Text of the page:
Images

  • Mahāvīra and his mother Triśalā A painting from a 15th-century manuscript of the Kalpa-sūtra shows Queen Triśalā and her newborn son. He will grow up to become Mahāvīra, the 24th Jina. This is a conventional way of illustrating the birth of a baby who will become a Jina. . Image by British Library © CC0 1.0 (Creative Commons Public Domain)
  • Panchmela dal Panchmela dal – five lentil curry – is a popular Rajasthani dish, especially during the Śvetāmbara festival of Paryuṣaṇ. Lasting eight days, the festival is marked by fasting and food restrictions. Many Jains give up all vegetables during Paryuṣaṇ, living entirely on grains, pulses and dairy products.. Image by sarverr62 © CC BY-NC-SA 2.0
  • Monk and pupils A Śvetāmbara monk sits before a bookstand – sthāpanācārya – which is a symbol of his role and authority as teacher. It holds a scripture wrapped in protective cloth. He sits on a low plaform while his pupils sit on the floor and listen. Religious beliefs were originally passed on orally, with junior monks memorising what their teachers said. Today, monks and nuns still learn in large part from senior monks.. Image by Chandu Shah © Chandu Shah
  • Paryuṣaṇ lamp ceremony Jains take part in the lamp ceremony – āratī – in the evening of Mahāvīr Janam Dīvas. This celebration of the birth of Mahāvīra, the 24th Jina, takes place on the fifth day of the eight-day festival of Paryuṣaṇ. The most important Śvetāmbara festival, Paryuṣaṇ, is a big community affair.. Image by Chandu Shah © Chandu Shah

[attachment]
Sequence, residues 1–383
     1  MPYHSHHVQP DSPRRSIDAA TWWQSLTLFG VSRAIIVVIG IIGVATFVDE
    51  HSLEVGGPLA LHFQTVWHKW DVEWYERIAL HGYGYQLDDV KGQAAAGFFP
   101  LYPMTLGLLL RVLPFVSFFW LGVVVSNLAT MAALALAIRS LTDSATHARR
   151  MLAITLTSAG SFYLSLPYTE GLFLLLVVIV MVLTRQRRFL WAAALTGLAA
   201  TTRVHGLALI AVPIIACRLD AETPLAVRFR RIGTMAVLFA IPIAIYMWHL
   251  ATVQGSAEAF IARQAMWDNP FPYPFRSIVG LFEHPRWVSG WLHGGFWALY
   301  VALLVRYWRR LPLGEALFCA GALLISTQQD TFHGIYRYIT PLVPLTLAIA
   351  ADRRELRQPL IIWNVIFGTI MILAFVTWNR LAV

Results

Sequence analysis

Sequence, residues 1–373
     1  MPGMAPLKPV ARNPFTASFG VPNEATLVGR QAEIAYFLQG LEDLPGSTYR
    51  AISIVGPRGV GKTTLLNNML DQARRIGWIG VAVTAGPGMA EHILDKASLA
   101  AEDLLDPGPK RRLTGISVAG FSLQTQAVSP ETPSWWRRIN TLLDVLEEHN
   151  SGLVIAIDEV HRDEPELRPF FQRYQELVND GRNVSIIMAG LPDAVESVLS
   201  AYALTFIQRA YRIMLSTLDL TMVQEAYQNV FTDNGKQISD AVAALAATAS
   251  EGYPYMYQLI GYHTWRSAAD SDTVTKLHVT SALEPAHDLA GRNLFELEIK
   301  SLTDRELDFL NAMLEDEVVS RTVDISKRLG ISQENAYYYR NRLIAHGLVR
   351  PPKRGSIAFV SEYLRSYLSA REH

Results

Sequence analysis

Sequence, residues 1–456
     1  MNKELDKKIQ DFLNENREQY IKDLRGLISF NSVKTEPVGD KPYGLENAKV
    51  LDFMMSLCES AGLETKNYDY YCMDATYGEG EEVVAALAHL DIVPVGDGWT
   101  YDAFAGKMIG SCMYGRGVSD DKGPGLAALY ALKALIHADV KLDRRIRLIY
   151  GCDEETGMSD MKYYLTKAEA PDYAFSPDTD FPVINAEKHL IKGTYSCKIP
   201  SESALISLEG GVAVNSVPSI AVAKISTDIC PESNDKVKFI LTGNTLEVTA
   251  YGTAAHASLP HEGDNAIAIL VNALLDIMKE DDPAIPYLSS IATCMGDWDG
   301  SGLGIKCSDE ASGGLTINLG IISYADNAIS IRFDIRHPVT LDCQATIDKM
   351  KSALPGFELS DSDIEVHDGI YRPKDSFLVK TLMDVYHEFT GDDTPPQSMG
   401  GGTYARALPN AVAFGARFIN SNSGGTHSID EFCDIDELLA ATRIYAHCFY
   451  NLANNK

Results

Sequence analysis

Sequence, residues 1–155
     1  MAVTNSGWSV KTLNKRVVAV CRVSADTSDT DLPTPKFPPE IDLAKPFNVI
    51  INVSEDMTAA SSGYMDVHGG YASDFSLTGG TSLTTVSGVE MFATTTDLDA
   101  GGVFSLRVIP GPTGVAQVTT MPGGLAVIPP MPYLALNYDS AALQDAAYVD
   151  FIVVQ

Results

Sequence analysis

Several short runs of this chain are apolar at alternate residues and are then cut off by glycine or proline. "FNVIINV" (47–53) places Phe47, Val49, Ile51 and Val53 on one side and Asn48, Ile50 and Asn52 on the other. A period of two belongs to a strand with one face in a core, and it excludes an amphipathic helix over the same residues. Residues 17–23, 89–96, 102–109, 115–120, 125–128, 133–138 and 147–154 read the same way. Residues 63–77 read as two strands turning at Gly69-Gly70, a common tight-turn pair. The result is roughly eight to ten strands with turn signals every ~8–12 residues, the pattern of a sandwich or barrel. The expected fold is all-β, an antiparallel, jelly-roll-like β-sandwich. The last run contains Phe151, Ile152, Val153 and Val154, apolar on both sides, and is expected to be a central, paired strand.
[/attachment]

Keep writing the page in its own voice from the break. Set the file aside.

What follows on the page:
• Devānandā's 14 dreams This manuscript painting illustrates Devānandā having the auspicious dreams experienced by the mother of a baby who will grow up to be a Jina. According to the Śvetāmbara sect, she has 14 dreams. The discs of the sun and moon are just above her left hand, while the other 12 are arranged above them.. Image by British Library © CC0 1.0 (Creative Commons Public Domain)
  • Breaking a fast A white-clad faster is ceremonially fed to break his fast. Fasting is a key part of Jain practice and is frequently undertaken during festivals or to fulfil a vow. Fasters gain great religious merit – puṇya – as do the relatives who help them break their fasts.. Image by Chandu Shah © Chandu Shah

Further Reading

Absent Lord: Ascetics and Kings in a Jain Ritual Culture
Lawrence A. Babb
Comparative Studies in Religion & Society series; volume 8
University of California Press; Berkeley, California, USA; 1996

Full details

‘Competing to Give, Competing to Get: Gujarati Jains in Britain’
Marcus Banks
Black and Ethnic Leaderships in Britain: The Cultural Dimensions of Political Action
edited by Pnina Werbner and Muhammad Anwar
Routledge Curzon Press; London, UK; 1991

Full details

Organizing Jainism in India and England
Marcus Banks
Oxford Studies in Social and Cultural Anthropology series; volume 3